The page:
What if, in other words, the nearest ‘mental model’ you had of your country’s law-enforcement was not the mostly-benign one I’ve encountered through the years – a force of inertia which, though it often gets in the way of progress, does at least prevent chaos – but one that more resembled an occupying army?

And then one of them, on camera, literally smiles as he is killing somebody.

So you set out to protest against this. Peacefully.

And then what happens?

 

Testing Times II – the Result

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Imagine an abandoned Army camp stretching over several acres of land. But with a surreal twist: this one happens to be in the expansive car-park between your favourite garden centre (also deserted) and one of those out-of-town places where you leave the car and get on a shuttle-bus into town.

Well – that’s what it looked like as we drove up. I say ‘we’ because I can’t drive: Marvellous Other 1/2 had to do the honours. Which begs the question: how do you get a Covid-19 test if neither you, nor anyone in your household, has access to both a valid driving licence and an actual car? “Home testing kits!” they all cry. We’ll come to that in a minute.

It was 10 o’clock on a breezy Sunday morning. I’d booked in early(!) to avoid the heaving crowds of anxious nurses and care-workers I’d expected, having seen countless news items about how hard it was to access these vital tests.

But as I said, the place was empty: we were literally the only punters! I guess running a car on a nurse or care-worker’s sparse wages isn’t a goer.

A second surprise came when the ‘download’ on my phone (one of those QR codes that looks like a smashed-up chessboard) actually worked. A white-shrouded volunteer scanned it through the car window and, satisfied that I wasn’t some kind of impostor, waved us on.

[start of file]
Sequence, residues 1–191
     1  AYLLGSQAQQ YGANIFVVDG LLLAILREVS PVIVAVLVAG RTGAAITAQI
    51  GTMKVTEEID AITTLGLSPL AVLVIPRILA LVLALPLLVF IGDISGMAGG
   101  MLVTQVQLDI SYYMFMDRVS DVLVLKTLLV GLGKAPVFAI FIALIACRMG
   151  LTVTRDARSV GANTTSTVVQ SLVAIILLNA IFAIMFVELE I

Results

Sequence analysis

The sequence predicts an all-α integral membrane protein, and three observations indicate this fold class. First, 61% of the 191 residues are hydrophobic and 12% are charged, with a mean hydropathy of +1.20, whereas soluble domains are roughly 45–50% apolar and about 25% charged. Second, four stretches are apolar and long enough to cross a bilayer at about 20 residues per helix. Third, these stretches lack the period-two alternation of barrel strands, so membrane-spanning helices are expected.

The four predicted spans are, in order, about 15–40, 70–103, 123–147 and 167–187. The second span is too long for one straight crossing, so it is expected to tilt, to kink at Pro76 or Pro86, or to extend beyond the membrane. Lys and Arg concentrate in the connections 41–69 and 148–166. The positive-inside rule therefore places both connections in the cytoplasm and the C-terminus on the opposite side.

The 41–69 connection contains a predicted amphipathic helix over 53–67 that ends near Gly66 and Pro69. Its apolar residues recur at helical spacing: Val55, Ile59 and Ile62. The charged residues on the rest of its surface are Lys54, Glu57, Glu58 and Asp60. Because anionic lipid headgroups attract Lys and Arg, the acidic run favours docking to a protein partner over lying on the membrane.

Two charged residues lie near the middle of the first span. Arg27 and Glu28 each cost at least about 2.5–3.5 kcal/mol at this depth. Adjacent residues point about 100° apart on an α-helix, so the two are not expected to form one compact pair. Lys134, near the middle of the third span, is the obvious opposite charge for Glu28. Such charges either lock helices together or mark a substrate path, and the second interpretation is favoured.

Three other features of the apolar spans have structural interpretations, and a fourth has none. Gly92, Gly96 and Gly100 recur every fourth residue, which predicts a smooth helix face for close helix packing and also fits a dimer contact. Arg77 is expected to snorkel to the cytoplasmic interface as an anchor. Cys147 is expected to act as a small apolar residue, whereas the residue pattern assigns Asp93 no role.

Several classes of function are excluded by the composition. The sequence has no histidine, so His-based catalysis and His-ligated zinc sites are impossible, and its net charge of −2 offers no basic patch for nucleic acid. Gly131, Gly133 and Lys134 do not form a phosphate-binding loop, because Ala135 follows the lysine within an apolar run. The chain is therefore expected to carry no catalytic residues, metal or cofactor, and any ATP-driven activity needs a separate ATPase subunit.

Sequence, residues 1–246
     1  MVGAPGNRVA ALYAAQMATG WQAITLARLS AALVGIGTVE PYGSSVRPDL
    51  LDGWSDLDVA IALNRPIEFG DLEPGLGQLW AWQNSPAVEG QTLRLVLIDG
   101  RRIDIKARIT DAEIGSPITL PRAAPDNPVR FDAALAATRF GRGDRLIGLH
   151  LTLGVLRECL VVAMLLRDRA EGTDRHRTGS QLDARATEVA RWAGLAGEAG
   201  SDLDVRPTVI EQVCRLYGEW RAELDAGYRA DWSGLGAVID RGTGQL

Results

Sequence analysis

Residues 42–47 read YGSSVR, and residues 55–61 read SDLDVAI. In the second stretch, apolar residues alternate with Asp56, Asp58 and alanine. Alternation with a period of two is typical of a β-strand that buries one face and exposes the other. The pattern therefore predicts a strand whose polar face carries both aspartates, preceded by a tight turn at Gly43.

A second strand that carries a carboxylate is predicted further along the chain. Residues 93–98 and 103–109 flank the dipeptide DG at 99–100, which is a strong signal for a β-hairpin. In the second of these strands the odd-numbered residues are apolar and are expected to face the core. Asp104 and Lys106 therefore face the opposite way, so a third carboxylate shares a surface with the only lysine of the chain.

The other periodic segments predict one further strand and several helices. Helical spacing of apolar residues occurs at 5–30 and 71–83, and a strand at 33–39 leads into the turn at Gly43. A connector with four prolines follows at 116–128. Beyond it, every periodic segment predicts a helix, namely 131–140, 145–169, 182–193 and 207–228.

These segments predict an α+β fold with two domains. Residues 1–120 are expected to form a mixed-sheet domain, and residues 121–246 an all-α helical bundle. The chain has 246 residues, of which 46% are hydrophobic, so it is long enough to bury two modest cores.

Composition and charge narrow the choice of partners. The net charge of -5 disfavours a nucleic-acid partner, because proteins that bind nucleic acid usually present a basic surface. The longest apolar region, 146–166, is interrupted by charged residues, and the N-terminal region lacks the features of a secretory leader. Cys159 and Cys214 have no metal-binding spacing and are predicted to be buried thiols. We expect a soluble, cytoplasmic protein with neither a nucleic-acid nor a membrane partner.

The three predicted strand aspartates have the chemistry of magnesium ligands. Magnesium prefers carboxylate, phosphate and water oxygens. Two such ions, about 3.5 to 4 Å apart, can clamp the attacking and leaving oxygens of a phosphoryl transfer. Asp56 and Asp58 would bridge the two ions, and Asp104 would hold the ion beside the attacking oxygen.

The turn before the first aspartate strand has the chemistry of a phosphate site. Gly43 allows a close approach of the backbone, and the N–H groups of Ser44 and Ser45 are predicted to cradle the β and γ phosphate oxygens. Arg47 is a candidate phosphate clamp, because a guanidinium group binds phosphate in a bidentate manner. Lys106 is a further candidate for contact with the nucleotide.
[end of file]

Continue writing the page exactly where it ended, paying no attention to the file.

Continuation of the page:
Other figures held up placards to direct us through a string-and-cone maze, between several small white military-looking gazebos (you’ve seen them on the news, right?). One chap mimed heart palpitations when we looked like not stopping in time. A shout through the window: Could I self-administer the test, or did I need someone to do it for me?

Now as I said, I’ve seen those things on the news. If you think you can push an elongated cotton-bud 8 inches up your own nose – or worse, 8 inches down your throat – without gagging then you are, I’m afraid, seriously mistaken. You’re likely, I fear, to bail after the first inch or so, not reach the places where the virus lurks, and come back with a false Negative.

So I chickened out and asked for help.

Even then it took the poor lass four goes on the throat part before I stopped choking for long enough.

People have apparently been waiting over a week for results from these tests, but I got mine on the Tuesday, and it came as a bitter disappointment:

Negative.

So now, until reliable Antibody tests are available to the general public (those tests, like everything else Covid-19-related here in the U.K., are being ‘ramped up’ even as our Government insists everything’s under control), I must go about my life not knowing whether I might catch, in the next six months or so, an illness that may very well kill me.